Are your landing pages effective? Or is there something you could be doing differently that would allow you to make more conversions?
This can be a difficult question to answer. After all, you’re never going to convert 100% of the people who land on your page — but what percentage, exactly, should you be shooting for?
Unfortunately, there isn’t a single figure that represents a “good” conversion rate.
Some online marketing experts believe you shouldn’t pay much attention to conversion rates at all. Your overall goal is always going to be to improve your conversion rate — if you set a specific target, there’s a chance that you’ll get complacent after you reach it.
That said, benchmarks are still useful. How else will you know if your current approach to landing page design is working or not?
WordStream ran a study that analyzed the conversion rates of landing pages on hundreds of sites: They found that the median rate is 2.35%.
It’s important to put this figure into context, though. The 2.35% average is for all industries combined.
When you look at industries separately, there’s a significant difference in the average conversion rate.
So, let’s say your page has a 5% conversion rate. If your ecommerce store belongs to the higher education, real estate or health industry, then that’s a solid number — around double the average.
But, if you’re in the credit/lending or vocational studies/job training industry, your conversion rate would actually be a little lower than average. This tells you there’s a lot of room for improvement.
You should be aware that the conversion rates are different for stores within the same industry as well. Industry leaders, such as Apple in the tech field or Nike in footwear, will have an easier time converting customers than smaller stores.
These well-known brands are already trusted by customers — it takes more effort for smaller stores to convince visitors that their products are worth a purchase. Generally, the bigger the store, the higher the baseline conversion rate.
It also matters where the traffic to your landing page is coming from.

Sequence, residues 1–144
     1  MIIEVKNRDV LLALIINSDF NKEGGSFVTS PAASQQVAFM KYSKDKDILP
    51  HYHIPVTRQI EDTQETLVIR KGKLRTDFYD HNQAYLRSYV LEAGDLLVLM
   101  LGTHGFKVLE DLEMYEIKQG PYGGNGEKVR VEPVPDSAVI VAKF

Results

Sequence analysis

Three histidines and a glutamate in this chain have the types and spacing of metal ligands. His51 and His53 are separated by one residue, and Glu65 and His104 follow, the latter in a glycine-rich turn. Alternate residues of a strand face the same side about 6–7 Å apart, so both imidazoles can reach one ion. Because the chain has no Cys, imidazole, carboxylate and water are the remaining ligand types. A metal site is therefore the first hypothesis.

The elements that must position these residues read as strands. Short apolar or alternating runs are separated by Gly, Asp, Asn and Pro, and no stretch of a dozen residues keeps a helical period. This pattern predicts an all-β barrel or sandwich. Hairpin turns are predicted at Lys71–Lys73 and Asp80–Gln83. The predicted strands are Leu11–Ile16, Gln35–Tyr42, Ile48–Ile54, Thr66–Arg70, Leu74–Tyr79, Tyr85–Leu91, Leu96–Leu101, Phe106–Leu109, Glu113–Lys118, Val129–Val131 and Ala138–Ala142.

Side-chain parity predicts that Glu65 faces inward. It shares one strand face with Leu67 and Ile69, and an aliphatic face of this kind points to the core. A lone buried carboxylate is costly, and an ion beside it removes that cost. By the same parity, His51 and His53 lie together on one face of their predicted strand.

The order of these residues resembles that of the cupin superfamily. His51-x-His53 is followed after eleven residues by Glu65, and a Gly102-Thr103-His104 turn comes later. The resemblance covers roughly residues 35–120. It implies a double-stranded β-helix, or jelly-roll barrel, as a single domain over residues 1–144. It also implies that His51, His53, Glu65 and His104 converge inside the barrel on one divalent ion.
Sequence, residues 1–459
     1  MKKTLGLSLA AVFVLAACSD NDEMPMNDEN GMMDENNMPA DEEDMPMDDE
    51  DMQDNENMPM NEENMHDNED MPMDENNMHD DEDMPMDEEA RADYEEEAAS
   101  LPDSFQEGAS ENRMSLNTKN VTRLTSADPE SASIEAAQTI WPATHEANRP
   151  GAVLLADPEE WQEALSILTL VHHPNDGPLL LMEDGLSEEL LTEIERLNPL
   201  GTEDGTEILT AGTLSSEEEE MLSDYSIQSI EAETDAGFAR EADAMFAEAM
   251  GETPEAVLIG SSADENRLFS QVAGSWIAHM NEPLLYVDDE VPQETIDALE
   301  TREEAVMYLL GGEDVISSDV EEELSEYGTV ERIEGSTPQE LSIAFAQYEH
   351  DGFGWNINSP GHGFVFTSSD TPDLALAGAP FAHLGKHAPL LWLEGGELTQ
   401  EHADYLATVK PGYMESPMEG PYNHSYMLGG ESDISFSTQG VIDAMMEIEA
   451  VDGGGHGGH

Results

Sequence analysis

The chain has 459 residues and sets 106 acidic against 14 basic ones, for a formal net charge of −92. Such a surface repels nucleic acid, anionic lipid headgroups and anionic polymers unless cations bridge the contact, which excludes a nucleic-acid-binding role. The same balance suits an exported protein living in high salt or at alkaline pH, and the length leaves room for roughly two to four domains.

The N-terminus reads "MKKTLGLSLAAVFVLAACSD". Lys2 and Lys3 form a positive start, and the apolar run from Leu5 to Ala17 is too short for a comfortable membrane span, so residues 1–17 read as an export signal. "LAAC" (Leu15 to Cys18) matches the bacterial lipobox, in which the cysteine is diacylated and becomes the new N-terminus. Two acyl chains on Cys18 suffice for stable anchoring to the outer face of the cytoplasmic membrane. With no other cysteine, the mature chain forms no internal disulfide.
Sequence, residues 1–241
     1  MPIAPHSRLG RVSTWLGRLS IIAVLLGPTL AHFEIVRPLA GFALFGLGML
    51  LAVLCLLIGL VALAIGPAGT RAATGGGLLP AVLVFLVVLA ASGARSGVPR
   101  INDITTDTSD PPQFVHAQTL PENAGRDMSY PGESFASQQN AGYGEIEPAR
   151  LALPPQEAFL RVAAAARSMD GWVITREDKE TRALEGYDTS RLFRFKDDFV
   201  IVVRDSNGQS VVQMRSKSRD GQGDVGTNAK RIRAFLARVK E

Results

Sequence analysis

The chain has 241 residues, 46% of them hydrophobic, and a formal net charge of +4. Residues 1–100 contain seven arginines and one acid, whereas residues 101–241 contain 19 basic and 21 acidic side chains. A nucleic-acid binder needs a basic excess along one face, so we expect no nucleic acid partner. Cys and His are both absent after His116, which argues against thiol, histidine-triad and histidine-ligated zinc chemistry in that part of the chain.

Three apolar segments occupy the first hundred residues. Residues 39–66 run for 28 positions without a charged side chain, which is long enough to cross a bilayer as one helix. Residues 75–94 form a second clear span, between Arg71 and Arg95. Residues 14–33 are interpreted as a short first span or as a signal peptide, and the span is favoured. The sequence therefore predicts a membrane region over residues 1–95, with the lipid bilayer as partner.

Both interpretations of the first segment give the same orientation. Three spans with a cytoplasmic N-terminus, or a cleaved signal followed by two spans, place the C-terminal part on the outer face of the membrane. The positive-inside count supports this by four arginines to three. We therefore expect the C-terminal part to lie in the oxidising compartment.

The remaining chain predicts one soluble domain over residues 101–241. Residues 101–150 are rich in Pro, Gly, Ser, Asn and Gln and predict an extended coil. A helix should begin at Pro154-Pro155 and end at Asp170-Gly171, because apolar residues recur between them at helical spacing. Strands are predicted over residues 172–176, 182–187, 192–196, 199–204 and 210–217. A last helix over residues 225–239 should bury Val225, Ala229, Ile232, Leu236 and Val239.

Traffic from paid search and organic search is the easiest to convert, while traffic from social and display ads have a dismal average conversion rate of 1% or less.
This makes a lot of sense when you consider the mindset of the visitor in these different situations. When someone is coming from a search engine, they were already looking for something that’s relevant to their page. On the other hand, social and display ads might not be at all related to what they were already doing.
Another factor to consider is what action you’re trying to get the visitor to perform. Purchasing a product, even an affordable one, requires a considerable amount of commitment from the visitor. It takes time to fill out all their shipping and billing information, not to mention the fact that they’ll need to part with some of their hard-earned money in exchange for your product.
Instead of targeting sales, you may be trying to get visitors to sign up for your newsletter or download a free e-book. These actions are easier than making a purchase (and they’re free), so you can expect them to produce a higher conversion rate.
You must also consider the raw numbers when evaluating your conversion rate.
If your page has fewer than 10 conversions or 100 visits per month, then there’s just not enough information being collected for your conversion rate to tell you anything meaningful. In this case, you will likely see sudden spikes and drops in your conversion rate — this is due to random variance as opposed to true changes in how the average visitor responds to your page.
And even when you have enough conversion/visit volume to smooth out the variance, keep in mind that one stat never tells the whole story.
For example, you could have 50 sales conversions out of 1,000 visits one month and then 25 sales conversions out of 250 visits the next month. From a conversion rate perspective, this is excellent news: You doubled your rate from 5% to 10%! But from a revenue perspective, you made half as many sales for your store.
Here’s the bottom line: The average conversion rate for a landing page is 2.35%, but you should consider your average rate as high as 6% depending on the industry you belong to and your place in it.